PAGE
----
Nicholas Crane

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  • Latitude

  • Told for the very first time, this is the true story of the adventure that shaped the world . . .

    'A thrilling story of courage, survival and science. It's an extraordinary, visceral and vivid read' Geographical Magazine
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    Three hundred years ago no one knew the true shape of the world.

    It wasn't a sphere - but did it bulge at the equator or was it pointed at the poles? Until we found out no map could ever be truly accurate. So a team of scientists was sent to South America - to measure one full degree of latitude.

    But South America was a land of erupting volcanoes, sodden rainforests, earthquakes, deadly diseases, tropical storms and violent unrest. And the misfit scientists had an unfortunate tendency to squander funds, fight duels, stumble into mutinies or die horribly.

    The tale of their ten-year odyssey of exploration, discovery, flirtations with failure and ultimate triumph becomes in Nicholas Crane's hands the greatest scientific adventure story ever told.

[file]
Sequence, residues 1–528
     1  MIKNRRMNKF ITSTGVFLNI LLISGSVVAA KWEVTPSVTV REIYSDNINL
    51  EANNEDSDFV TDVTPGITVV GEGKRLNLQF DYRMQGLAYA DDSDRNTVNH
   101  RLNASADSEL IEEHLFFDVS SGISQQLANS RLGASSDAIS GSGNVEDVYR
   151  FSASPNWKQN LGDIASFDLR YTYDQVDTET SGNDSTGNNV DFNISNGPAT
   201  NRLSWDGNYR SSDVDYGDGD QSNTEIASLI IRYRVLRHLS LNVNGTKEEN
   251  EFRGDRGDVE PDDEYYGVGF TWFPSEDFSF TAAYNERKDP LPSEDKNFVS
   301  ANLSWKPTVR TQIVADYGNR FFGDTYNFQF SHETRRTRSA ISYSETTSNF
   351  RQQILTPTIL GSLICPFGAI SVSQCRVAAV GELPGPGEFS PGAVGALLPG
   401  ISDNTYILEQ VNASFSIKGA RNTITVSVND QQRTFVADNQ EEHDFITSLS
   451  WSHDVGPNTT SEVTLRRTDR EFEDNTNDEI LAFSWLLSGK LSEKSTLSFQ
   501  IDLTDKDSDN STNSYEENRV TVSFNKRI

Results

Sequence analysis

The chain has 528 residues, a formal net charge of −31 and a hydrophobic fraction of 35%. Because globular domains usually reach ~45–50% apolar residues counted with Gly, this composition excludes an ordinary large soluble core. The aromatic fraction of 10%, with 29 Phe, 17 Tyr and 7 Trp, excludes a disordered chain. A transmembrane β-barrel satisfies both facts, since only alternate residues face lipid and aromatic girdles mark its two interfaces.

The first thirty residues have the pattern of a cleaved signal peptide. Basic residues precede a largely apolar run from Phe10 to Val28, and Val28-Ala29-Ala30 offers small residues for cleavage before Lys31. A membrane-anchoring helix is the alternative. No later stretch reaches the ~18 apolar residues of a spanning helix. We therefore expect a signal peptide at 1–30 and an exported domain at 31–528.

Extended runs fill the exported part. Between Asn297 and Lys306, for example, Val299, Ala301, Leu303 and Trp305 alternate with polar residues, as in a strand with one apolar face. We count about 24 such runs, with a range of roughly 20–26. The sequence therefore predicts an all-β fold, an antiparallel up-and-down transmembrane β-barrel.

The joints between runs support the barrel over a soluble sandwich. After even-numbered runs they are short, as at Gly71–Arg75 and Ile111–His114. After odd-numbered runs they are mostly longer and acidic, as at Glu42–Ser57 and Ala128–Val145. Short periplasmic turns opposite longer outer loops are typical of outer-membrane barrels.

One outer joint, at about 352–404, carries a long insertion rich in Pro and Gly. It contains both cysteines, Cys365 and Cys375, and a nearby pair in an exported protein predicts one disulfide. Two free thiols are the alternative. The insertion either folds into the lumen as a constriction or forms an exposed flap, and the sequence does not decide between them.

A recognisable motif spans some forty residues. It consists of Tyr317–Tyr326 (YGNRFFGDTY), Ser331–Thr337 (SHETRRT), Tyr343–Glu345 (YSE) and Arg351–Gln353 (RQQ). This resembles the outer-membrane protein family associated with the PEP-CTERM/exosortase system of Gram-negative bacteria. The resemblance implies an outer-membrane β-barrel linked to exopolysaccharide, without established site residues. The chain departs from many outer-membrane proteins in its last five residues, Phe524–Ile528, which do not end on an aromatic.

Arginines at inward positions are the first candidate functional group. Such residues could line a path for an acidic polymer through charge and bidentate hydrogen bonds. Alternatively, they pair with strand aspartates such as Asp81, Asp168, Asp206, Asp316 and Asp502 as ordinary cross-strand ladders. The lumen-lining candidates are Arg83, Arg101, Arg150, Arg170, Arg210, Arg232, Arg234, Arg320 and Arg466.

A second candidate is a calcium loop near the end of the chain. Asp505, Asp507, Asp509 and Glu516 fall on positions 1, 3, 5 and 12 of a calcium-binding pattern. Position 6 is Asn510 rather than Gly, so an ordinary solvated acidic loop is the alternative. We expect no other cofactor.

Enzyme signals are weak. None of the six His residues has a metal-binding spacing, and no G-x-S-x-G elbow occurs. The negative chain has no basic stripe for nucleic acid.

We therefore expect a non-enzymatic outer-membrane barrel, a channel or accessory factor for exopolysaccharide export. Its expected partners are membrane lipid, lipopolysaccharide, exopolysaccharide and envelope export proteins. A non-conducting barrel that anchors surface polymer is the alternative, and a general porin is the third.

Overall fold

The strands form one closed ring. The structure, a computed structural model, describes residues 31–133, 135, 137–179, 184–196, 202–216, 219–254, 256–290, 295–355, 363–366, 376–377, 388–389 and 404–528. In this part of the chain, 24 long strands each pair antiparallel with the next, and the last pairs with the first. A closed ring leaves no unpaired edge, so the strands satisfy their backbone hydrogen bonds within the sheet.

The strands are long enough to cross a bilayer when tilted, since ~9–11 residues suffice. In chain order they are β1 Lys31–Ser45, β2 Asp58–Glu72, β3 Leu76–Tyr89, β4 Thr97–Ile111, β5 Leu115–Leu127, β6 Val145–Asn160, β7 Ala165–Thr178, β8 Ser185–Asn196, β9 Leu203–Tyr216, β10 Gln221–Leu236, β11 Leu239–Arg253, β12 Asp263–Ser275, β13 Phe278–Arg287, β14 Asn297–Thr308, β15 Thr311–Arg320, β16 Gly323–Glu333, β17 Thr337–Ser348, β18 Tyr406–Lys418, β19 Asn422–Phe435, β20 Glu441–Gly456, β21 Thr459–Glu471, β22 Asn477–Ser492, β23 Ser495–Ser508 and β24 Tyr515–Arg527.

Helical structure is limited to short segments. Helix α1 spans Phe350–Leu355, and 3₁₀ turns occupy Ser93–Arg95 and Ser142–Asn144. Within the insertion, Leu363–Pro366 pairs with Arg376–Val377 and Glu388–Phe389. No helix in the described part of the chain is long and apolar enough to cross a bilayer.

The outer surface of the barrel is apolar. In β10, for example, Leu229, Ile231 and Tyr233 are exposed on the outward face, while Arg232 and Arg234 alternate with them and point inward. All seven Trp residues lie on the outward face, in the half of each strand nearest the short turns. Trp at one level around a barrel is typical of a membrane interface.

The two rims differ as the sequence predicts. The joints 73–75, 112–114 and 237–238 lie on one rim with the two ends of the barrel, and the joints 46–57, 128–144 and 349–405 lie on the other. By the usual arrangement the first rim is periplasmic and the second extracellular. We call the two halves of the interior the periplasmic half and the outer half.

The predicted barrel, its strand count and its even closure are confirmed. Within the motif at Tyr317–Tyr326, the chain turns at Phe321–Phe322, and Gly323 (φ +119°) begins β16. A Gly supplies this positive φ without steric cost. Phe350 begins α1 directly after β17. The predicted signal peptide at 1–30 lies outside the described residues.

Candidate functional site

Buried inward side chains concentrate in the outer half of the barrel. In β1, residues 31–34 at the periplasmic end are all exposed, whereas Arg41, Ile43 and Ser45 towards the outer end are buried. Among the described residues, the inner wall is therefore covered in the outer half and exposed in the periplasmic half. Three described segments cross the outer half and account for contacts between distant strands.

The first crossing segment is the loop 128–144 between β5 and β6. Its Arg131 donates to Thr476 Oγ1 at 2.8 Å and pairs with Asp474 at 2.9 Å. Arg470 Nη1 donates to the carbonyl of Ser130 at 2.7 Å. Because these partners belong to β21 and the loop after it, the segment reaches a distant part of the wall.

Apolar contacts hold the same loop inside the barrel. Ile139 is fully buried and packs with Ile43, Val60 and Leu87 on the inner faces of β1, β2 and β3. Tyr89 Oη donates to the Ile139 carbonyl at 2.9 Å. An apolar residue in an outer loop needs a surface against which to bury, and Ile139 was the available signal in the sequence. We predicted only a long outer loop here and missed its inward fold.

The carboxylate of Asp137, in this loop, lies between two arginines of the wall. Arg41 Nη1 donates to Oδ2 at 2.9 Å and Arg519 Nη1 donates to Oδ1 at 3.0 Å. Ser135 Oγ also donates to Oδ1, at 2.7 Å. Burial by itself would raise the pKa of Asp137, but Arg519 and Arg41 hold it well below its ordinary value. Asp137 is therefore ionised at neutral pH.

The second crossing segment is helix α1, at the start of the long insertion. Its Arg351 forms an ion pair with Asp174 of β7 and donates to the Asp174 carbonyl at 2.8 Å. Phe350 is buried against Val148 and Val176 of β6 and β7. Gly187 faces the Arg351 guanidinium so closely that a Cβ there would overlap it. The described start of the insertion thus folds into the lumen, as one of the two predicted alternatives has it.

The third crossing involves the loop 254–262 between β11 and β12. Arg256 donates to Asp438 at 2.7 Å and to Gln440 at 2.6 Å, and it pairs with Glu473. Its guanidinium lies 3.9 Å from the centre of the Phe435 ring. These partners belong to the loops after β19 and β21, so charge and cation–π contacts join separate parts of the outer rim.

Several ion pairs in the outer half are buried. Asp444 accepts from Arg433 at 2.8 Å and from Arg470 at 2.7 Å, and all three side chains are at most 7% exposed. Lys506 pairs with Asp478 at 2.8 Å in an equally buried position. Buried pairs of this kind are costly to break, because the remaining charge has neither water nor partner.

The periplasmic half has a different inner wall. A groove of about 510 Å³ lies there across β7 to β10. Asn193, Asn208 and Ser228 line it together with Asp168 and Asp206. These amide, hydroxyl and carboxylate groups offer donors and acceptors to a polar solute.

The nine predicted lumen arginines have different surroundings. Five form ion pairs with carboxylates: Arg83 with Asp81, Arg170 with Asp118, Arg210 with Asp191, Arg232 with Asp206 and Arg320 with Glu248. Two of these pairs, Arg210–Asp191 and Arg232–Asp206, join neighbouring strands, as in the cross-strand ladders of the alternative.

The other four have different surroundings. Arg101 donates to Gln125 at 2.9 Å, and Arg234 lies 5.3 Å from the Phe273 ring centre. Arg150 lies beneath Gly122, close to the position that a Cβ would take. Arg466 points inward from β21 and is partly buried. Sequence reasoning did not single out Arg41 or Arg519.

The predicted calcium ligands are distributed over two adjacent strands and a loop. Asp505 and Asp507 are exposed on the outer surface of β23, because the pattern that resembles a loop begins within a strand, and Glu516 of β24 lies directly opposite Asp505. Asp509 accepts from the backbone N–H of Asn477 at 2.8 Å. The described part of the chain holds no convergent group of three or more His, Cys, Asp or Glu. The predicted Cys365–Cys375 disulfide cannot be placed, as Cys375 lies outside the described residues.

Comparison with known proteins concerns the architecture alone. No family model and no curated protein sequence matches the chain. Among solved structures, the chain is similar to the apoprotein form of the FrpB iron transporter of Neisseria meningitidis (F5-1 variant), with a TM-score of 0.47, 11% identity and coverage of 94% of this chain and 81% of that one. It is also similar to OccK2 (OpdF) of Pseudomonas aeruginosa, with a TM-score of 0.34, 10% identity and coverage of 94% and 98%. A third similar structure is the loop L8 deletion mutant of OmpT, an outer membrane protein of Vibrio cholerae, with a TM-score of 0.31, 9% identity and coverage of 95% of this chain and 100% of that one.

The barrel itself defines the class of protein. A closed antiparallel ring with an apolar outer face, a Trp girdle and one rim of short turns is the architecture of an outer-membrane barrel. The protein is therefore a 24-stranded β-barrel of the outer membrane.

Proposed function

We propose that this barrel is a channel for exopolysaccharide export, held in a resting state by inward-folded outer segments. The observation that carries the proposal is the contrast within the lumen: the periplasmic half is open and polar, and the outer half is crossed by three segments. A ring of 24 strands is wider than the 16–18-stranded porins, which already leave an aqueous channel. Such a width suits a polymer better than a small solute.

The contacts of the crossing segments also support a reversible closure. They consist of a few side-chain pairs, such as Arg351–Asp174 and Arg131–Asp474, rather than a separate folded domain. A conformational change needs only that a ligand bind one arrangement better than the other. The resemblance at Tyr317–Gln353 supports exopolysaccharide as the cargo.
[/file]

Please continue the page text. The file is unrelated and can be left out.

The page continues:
________

    'Pace, rigour and attention to enticing detail . . . Crane has a rare knack for showing people things without them having to get out of their chair' Joe Smith, director of The Royal Geographic society

Nicholas Crane was born in seaside Hastings, grew up in rural Norfolk and learned winter mountaineering in snowy Scotland. Between 2015 and 2018, he was president of the Royal Geographical Society. He is an award-winning writer and geographer who is well-known for his television work as lead presenter for BAFTA winning series Coast, Great British Journeys, Map Man, Britannia and Town. He is the author of more than ten books that include: Clear Waters Rising, Two Degrees West, Mercator: The Man Who Mapped the Planet, The Making of the British Landscape and You Are Here, A Brief Guide to the World. He has written for The Daily Telegraph, The Guardian and The Sunday Times. Nick has travelled in all seven of the world's continents. With his cousin, Dr Richard Crane, he identified and visited for the first time the geographical Pole of Inaccessibility, the point on the globe most distant from the open sea. He lives in London.

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